There was a lot of back and forth for the construction of the movement, and of course, the constraints of the technical requirements. For instance, to put the grande date next to the flying tourbillon we needed to rethink it and have new patents. We also brought in another patent with the minute repeater by totally suppressing the silent gaps between the hours and the minutes which entailed a long development process. The entire process only accelerated in the last 18 months when we first witnessed the final prototype. We only saw the piece for the first-time last week! Before that it was all bits and pieces!
One of the key challenges here was to be able to perfectly fit 11 complications on the wrist with the constraints of the proportions of a Reverso case. The beauty and style of the Quadriptyque is really the balance of its case. You have to respect the relationship between the length and the width here. So when you want to fit in 11 complications, there is a certain proportion that you need to respect within the case. This has been very important in the development of the Quadriptyque, which is very comfortable to wear and looks quite elegant even on a slim wrist like mine.
THM: Moving on to the new Reverso Tribute Small Seconds…
CR: The green is a nice addition to the colours we introduced to the Reverso Tribute Small Seconds over the last three years. It may seem simple but still has the beauty of the deep green dial matching the strap perfectly. Our team and designers at the Maison pay as much attention to the detailing of the green colour as they do on the details of the Quadriptyque. Of course, the timeframes differ considering the detailing involved on the Quadriptyque, but really matching the perfect colour of this dial and strap also involved a lot of trial and error. We have dozens of dials and straps set aside because they didn’t fit perfectly. It’s all in the details…
THM: From Haute Horlogerie to Métiers Rares® (Rare Handcrafts™), all in-house at Jaeger-LeCoultre
CR: Yes you are absolutely right. The Quadriptyque was done completely in-house, including the calculation for all the lunar cycles. Even for the Reverso One Métiers Rares® flowers, from the gem-setting to the engraving and enamelling, it is all done in-house too. I was recently at the workshop, where I was reminded that it takes our jeweller / artisan almost 95 hours to do just one piece. Every stone is handpicked to finally give you this sparkling snow setting.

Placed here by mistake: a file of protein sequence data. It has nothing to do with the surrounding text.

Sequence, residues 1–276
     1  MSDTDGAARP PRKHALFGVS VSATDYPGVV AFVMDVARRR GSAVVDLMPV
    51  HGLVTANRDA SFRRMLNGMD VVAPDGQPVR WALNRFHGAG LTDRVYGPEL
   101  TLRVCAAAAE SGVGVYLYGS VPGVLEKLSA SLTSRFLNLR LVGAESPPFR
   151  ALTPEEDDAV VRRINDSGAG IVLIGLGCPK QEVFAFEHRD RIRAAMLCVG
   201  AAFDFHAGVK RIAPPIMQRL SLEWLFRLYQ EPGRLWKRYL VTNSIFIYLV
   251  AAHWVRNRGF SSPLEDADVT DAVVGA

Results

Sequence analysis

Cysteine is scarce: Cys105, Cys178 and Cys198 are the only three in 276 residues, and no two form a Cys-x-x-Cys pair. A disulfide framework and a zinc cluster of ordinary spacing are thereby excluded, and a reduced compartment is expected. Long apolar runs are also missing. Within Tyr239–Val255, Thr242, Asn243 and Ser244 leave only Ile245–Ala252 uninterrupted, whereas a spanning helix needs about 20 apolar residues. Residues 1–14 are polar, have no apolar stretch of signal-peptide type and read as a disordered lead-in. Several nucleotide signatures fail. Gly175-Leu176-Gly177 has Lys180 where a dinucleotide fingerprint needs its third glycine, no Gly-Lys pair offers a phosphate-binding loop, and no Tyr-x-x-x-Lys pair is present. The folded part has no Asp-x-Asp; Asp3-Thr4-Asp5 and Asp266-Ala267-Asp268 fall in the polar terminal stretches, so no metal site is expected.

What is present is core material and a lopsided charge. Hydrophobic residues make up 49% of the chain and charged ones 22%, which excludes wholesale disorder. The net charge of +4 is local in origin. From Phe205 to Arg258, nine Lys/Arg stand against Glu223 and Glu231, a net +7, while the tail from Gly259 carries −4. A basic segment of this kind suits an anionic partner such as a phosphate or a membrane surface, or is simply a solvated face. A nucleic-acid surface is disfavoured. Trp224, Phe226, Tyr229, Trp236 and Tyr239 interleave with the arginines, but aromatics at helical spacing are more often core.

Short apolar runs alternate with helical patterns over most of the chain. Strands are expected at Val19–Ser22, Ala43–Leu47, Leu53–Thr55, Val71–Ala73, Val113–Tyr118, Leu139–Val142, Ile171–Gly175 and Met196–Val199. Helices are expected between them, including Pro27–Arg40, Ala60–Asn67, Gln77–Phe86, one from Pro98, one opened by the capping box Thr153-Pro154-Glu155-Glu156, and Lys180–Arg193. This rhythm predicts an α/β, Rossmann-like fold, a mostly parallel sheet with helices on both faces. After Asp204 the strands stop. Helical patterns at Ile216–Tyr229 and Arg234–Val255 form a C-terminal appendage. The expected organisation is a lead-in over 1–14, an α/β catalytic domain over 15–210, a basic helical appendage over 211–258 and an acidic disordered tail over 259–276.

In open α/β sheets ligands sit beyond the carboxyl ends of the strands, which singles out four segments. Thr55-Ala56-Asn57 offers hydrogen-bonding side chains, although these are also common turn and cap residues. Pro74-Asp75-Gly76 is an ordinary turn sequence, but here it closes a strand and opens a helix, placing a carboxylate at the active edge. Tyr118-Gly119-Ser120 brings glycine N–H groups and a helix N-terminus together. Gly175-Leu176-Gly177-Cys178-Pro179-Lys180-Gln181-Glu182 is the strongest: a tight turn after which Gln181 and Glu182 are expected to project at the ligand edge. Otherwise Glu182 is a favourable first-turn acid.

Another beautiful feat here is the enamelling that goes around the case. As you know this is extremely challenging since enamelling is liquid. You place the enamel in the carved gold areas and when its on the side, we had to find a “ Manufacture Secret” to have the enamel fit and stay despite the curve of the case. Another challenge faced here was the impact of the heat on the gold while cooking the enamel. Which brought us to another “Manufacture Secret” that enabled the artisans to enamel the watch first and then work on the gold without making it impossible for the gem-setter. At the end of the day it’s all these minute details that we don’t imagine beforehand or maybe tend to overlook once the final piece is out. Every single watch brings its little challenge one way or the other.
THM: In the Asian market, India due to several reasons, is behind it’s Asian peers. Would you think that the Brands, themselves, making investments for the future, to develop the market, can change the course?
CR: For us India is totally on the map. We are looking at opening carefully with partners and with proper distribution channels to give our clients an authentic experience of Jaeger-LeCoultre. We are also aiming to be seen prominently in the media and to be recognised. The history with India is deep rooted since the story of the Reverso begins there. However, we don’t entertain a lot of limited editions or country specific editions. But we do have options of personalisation which helps the client go in for something more personal.
THM: Your thoughts on the growing community of women watch enthusiasts…
CR: Since the beginning Jaeger-Lecoultre has been very attentive to women and their relationship with timepieces. In fact we created the 101 calibre for women in 1929. The Reverso itself, since 1930, was made for ladies as well, many of which include the Royalty from India. We have examples of famous women wearing our Reverso’s in 1935. So for us, it’s not a new trend to be talking to women, it has always been an integral part of our identity.